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Review: The Jammer (Pine Box Theater)

By Chicagotheaterbeat @chitheaterbeat

Review: The Jammer   (Pine Box Theater)   
The Jammer 

Written by Rolin Jones  
Directed by Vincent Teninty
Athenaeum Theatre, 2936 N. Southport (map)
thru July 1  |  tickets: $28   |  more info
Check for half-price tickets 
   Read entire review



A fun flashback to derby days


Review: The Jammer   (Pine Box Theater)


Pine Box Theater presents


The Jammer

Review by Lauren Whalen 

In the world of roller derby, nothing is sacred: language, bodies (your own and everyone else’s), and mindsets can be pulverized in a microsecond. So what’s a nice Catholic boy doing in a place like this? The Jammer follows one unassuming cab driver with a gift for skating through a bloody, brutal test of character. Pine Box Theater’s production of Rolin Jones’ award-winning play boasts an innovatively spare set and fun 50’s flashbacks, though the script is a mite long and a central character slightly confused.

Review: The Jammer   (Pine Box Theater)
It’s 1958, and bridge-and-tunnel cabdriver Jack Lovington (Josh Odor) is struggling to make ends meet for himself and his fiancé Aurora. Raised by Father Kosciusko (Bill Bannon) and still a devout Catholic, Jack’s newfound passion is roller skating. He knows it’s probably sinful. He is beginning not to care. When entrepreneur Lenny (Michael Kevin Martin) offers Jack a hefty salary to go professional as part of a traveling team, Jack leaves Aurora and the church behind. But following a dream can be costly, as Jack soon learns: loss of innocence, corruption, and some very dirty-talking roughnecks are ready to slam him into the wall headfirst.

The Jammer is staged in the small studio on Athanaeum Theatre’s second floor, but Robert Groth and Jenniffer Thusing maximize the tiny space with grand ambition. Using two payphones, strategically placed gates and a painted floor, the two scenic designers recall a bus, a church, a roller coaster and arenas all along the Eastern Seaboard with striking authenticity. Old-school drive-in announcements are projected on a screen backdrop before the show, and sound designer Harrison Adams’ Elvis Presley-heavy score adds to the nostalgia. To recreate the derby matches, many actors play multiple roles and Thusing’s props are used in ingenious ways. Joshua D. Allard’s unique costumes allow the performers to slip in and out of characters as easily as a leisurely skate around the rink. Director Vincent Teninty has assembled a first-rate production team, who set the scene so precisely and vividly, I longed for a decade during which I wasn’t even alive.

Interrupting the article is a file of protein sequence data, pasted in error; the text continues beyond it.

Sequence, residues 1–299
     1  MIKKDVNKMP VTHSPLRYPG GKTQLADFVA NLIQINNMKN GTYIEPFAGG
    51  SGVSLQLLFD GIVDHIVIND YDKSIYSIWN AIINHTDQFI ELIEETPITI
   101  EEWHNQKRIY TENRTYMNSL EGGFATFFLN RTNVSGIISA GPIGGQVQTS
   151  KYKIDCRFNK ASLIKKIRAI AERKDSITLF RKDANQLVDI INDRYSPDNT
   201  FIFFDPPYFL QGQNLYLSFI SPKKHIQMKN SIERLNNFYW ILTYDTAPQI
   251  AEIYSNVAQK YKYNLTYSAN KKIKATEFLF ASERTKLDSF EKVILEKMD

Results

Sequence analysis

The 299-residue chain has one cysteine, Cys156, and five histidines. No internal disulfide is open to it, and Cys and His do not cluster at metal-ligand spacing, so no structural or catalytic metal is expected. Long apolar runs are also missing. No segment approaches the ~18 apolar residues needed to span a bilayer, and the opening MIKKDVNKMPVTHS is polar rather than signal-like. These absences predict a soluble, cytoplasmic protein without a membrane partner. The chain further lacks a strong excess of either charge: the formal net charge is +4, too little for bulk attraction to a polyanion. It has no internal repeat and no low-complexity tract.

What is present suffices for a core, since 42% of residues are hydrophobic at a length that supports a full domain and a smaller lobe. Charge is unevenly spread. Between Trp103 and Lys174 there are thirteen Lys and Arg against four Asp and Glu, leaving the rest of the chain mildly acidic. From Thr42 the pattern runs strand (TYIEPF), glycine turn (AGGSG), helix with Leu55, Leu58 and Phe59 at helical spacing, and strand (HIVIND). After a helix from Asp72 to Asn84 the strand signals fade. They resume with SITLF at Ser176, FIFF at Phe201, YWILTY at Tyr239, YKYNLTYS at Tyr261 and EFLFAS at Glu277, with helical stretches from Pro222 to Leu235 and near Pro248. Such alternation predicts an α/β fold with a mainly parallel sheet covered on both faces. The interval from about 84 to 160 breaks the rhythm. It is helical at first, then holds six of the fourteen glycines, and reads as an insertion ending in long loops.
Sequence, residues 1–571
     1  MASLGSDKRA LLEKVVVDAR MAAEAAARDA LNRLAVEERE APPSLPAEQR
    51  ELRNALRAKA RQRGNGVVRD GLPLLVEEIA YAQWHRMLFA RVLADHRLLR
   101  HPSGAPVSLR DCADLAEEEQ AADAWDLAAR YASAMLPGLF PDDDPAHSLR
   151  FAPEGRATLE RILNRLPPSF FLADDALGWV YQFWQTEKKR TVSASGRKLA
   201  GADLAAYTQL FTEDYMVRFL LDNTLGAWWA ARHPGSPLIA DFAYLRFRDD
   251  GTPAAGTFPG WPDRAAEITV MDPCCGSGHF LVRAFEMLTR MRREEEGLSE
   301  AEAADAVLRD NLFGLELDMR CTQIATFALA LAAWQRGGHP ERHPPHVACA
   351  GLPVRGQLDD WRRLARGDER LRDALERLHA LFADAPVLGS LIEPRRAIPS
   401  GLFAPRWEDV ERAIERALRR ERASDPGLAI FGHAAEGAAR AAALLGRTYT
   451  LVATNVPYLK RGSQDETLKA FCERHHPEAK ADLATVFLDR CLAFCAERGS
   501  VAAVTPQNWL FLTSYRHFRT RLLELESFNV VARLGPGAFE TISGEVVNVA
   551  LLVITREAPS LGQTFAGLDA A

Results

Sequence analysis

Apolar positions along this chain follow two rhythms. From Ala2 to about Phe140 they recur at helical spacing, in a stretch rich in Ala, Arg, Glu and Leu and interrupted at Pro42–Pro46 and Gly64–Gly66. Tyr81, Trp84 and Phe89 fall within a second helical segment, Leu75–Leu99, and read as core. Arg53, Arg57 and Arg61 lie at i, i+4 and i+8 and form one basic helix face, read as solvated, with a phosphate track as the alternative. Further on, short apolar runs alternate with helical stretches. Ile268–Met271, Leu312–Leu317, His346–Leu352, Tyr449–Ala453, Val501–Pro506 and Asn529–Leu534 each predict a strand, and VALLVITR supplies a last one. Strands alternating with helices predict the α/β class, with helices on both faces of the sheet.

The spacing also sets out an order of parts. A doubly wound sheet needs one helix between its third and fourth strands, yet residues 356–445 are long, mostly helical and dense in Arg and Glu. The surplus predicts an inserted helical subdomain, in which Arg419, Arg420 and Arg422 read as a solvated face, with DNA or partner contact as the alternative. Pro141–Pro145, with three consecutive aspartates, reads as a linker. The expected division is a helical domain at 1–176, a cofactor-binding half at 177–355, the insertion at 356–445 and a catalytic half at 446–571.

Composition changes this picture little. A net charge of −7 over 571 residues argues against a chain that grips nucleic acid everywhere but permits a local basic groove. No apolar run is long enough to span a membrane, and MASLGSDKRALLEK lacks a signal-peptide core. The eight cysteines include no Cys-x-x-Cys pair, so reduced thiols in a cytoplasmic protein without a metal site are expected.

The production’s excellent technical elements somewhat compensate for an imperfect script. Though for the most part a compelling, darkly funny hero’s journey, The Jammer meanders toward the end and feels about ten minutes too long. A scene set on a roller coaster could easily have been cut in half, as it got more painful as the novelty wore thin. And one character in particular – Lenny, the brains behind the whole traveling roller derby operation – isn’t complex so much as ambiguous. Playwright Jones may have been going for a complex individual: someone who succumbed to the allure of money and fame, but still deeply cared for his players even as he exploited and misled them. However, Lenny’s characterization falls rather flat. Perhaps this is also owing to the fact that Martin is a replacement: he dropped several lines of dialogue and may not yet be completely comfortable in the role.

Still, The Jammer is worth a look. Everyone loves an underdog, and thanks to Odor’s aw-shucks demeanor and spot-on dialect, Jack Lovington’s the most lovable of them all. Bannon’s hilariously dotty priest and the stunning technical work done on a shoestring add to The Jammer’s sense of dirty joy. Derby isn’t for the faint of heart, but even a nice guy’s got a little naughty in him.


Rating: ★★★



The Jammer continues through July 1st at the Athenaeum Theatre, 2936 N. Southport (map), with performances Thursdays-Fridays at 8:15pm, Saturdays 5pm and 8:15pm, Sundays 7pm.  Tickets are $28, and are available by phone (773-935-6875) or online at (check for half-price tickets at More info at  (Running time: 90 minutes without intermission)

All photos by Michael Brosilow 


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